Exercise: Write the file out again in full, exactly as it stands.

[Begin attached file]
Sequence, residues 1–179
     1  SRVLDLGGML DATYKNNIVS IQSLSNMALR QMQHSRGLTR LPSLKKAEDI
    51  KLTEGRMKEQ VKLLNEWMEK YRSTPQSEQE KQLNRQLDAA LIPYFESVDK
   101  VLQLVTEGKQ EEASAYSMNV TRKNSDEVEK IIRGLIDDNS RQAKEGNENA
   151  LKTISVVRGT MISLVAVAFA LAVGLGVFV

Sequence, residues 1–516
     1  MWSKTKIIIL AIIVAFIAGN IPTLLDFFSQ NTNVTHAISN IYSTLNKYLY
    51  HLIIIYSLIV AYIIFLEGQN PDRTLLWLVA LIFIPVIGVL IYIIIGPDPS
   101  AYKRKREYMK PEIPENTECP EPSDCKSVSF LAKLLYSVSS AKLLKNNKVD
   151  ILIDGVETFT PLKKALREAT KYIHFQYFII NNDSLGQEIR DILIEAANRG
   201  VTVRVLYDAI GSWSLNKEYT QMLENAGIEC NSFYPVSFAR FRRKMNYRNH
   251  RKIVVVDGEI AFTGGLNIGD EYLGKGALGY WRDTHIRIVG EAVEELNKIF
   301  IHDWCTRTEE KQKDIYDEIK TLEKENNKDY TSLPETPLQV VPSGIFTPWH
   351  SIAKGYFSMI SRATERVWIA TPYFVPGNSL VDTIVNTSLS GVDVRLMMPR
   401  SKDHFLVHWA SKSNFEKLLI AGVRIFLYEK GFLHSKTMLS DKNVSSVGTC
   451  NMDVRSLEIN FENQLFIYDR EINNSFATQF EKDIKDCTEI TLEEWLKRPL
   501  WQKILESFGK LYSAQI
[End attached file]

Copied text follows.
Sequence, residues 1–179
     1  SRVLDLGGML DATYKNNIVS IQSLSNMALR QMQHSRGLTR LPSLKKAEDI
    51  KLTEGRMKEQ VKLLNEWMEK YRSTPQSEQE KQLNRQLDAA LIPYFESVDK
   101  VLQLVTEGKQ EEASAYSMNV TRKNSDEVEK IIRGLIDDNS RQAKEGNENA
   151  LKTISVVRGT MISLVAVAFA LAVGLGVFV

Sequence, residues 1–516
     1  MWSKTKIIIL AIIVAFIAGN IPTLLDFFSQ NTNVTHAISN IYSTLNKYLY
    51  HLIIIYSLIV AYIIFLEGQN PDRTLLWLVA LIFIPVIGVL IYIIIGPDPS
   101  AYKRKREYMK PEIPENTECP EPSDCKSVSF LAKLLYSVSS AKLLKNNKVD
   151  ILIDGVETFT PLKKALREAT KYIHFQYFII NNDSLGQEIR DILIEAANRG
   201  VTVRVLYDAI GSWSLNKEYT QMLENAGIEC NSFYPVSFAR FRRKMNYRNH
   251  RKIVVVDGEI AFTGGLNIGD EYLGKGALGY WRDTHIRIVG EAVEELNKIF
   301  IHDWCTRTEE KQKDIYDEIK TLEKENNKDY TSLPETPLQV VPSGIFTPWH
   351  SIAKGYFSMI SRATERVWIA TPYFVPGNSL VDTIVNTSLS GVDVRLMMPR
   401  SKDHFLVHWA SKSNFEKLLI AGVRIFLYEK GFLHSKTMLS DKNVSSVGTC
   451  NMDVRSLEIN FENQLFIYDR EINNSFATQF EKDIKDCTEI TLEEWLKRPL
   501  WQKILESFGK LYSAQI